Tales of the Rampant Coyote

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Computer beats Go grandmaster for the first time in history

Posted by Rampant Coyote on March 9, 2016

AlphaGoVictory1Wow. It happened.

‘WE MADE HISTORY’: Google’s DeepMind AI just beat a human world champion at Go

It’s only the first of a five-game tournament. But still, this is a huge development. Much bigger, in my opinion, than Deep Blue’s victories over Gary Kasparov 20 years ago. Why? At that point in the 1990s, Chess was already an established, “solved” problem. It had been that way for about four decades, and computers had been beating top players for a couple of decades. The algorithms were progressively improved, and of course the hardware progressively improved, over the years, so that it was really just a matter of time and refinement.

With Go, it was a major leap. First of all, for the last several years, computer Go AI has only been able to play at an amateur level. Then, within months, it made the leap to defeating a professional in a 5-0 sweep, and has now had its first victory against a master. For so long Go was considered the game to beat, the true test of the capability of artificial intelligence. Quite suddenly, that barrier has been shattered.

Secondly, this wasn’t about optimizing a well-understood strategy with better heuristics, but a dramatic practical application of neural networks, machine learning, and other “machine intelligence” systems to learn to play the game. The downside is that there’s no easy way that this skill can be ‘transferred’ back to humans. It doesn’t “understand” the game the way humans do, and what it has learned about playing the game bears no resemblance to human knowledge.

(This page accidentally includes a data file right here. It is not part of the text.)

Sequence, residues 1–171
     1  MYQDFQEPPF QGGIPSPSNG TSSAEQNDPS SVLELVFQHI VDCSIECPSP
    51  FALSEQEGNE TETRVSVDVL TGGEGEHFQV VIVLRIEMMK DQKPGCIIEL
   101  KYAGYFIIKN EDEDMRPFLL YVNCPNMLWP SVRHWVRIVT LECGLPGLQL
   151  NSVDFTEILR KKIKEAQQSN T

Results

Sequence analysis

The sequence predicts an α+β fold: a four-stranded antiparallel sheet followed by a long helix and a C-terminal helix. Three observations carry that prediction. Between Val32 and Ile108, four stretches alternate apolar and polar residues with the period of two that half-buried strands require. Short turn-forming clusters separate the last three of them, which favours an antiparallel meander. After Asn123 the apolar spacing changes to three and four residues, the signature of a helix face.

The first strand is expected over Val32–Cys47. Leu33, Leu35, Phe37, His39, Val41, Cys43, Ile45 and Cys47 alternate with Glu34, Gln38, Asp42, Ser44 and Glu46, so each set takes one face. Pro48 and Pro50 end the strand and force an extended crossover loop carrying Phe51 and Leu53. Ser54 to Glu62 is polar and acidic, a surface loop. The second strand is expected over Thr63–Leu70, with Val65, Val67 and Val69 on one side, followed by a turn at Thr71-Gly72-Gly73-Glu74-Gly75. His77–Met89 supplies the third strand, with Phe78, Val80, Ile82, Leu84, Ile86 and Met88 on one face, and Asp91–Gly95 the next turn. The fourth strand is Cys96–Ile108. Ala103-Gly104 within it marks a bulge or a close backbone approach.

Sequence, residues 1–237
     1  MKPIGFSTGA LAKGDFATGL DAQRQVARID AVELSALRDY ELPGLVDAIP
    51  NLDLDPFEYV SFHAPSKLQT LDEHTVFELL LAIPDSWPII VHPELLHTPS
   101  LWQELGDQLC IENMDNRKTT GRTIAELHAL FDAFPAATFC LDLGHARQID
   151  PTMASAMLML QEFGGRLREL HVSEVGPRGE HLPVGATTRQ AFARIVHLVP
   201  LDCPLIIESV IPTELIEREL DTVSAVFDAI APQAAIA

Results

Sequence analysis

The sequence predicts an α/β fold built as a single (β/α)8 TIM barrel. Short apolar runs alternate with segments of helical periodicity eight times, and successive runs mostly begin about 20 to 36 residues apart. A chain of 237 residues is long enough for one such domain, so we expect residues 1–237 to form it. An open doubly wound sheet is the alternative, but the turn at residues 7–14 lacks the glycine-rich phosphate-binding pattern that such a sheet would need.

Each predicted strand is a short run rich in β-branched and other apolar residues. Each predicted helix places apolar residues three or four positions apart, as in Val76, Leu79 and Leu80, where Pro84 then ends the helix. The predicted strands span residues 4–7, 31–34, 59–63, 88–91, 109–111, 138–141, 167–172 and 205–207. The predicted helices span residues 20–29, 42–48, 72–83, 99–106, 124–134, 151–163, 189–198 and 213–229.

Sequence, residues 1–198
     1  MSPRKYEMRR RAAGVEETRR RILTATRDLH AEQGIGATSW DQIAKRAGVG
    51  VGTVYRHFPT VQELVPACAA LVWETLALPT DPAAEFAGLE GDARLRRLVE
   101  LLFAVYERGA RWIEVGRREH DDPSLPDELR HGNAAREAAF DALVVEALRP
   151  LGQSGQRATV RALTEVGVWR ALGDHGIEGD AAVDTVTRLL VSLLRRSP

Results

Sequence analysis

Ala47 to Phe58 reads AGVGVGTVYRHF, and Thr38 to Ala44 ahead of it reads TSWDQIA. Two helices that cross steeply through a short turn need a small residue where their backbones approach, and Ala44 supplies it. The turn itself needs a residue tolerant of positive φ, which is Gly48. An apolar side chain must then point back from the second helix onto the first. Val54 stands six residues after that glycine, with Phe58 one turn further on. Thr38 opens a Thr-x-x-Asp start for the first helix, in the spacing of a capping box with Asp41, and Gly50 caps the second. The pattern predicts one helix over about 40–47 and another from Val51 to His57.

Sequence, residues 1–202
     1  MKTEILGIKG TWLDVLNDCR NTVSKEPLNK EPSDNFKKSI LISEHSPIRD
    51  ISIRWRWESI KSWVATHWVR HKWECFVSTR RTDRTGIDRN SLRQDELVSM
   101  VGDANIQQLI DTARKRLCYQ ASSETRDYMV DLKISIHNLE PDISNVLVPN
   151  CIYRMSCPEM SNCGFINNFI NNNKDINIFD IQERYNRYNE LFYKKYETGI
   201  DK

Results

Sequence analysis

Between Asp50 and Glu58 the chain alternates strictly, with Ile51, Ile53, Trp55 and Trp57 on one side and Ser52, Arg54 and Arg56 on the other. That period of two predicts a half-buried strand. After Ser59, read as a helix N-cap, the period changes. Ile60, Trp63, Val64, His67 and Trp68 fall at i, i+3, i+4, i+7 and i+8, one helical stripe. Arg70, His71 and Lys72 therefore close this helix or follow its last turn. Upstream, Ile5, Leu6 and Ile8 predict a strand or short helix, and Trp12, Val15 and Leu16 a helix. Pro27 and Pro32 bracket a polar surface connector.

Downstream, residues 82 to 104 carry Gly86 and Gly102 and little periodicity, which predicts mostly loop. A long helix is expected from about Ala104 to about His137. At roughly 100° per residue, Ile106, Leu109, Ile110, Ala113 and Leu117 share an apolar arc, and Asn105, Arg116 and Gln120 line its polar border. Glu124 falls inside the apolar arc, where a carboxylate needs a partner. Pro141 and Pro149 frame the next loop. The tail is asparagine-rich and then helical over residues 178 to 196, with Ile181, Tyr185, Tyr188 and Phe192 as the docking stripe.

Thirdly – and this ties into the second point – this example of machine learning is not limited to Go. With something like Chess, the basic search and alpha-beta pruning which have general applications, but beyond that it’s all pretty specific to Chess with limited application to other fields. But AlphaGo is an implementation of more general-purpose machine learning. This has applications almost anywhere. In fact, the systems powering AlphaGo were originally used to learn to play old Atari video games.  This represents a very practical breakthrough in artificial intelligence as a whole.

So… I guess I should welcome our new robot overlords or something. Even if AlphaGo ends up losing the tournament, this one victory represents an incredibly big deal on many levels. What’s next? Self-driving cars? Oh, yeah, about that…

Filed Under: Geek Life - Comments: 2 Comments to Read

  • Victor said,

    Finally after a long time of disappointment they have managed to find a reliable tool they can use.

    What they manged is a way to simulate knowledge barely.

    I guess the next step is a way to merge 2 knowledge types to get a third type.

    They are still nowhere near human intelligence and it might be possible that this is a dead end.

    Hopefully they will solve Japanese language translation and voice generation soon.

  • Rampant Coyote said,

    “Simulate knowledge” – good term for it. It’s kind of a weird place… simulated knowledge, real skill.

    I think there are a ton of practical applications… a very broad area… which is awesome. But yeah, in the end, it’s a tool.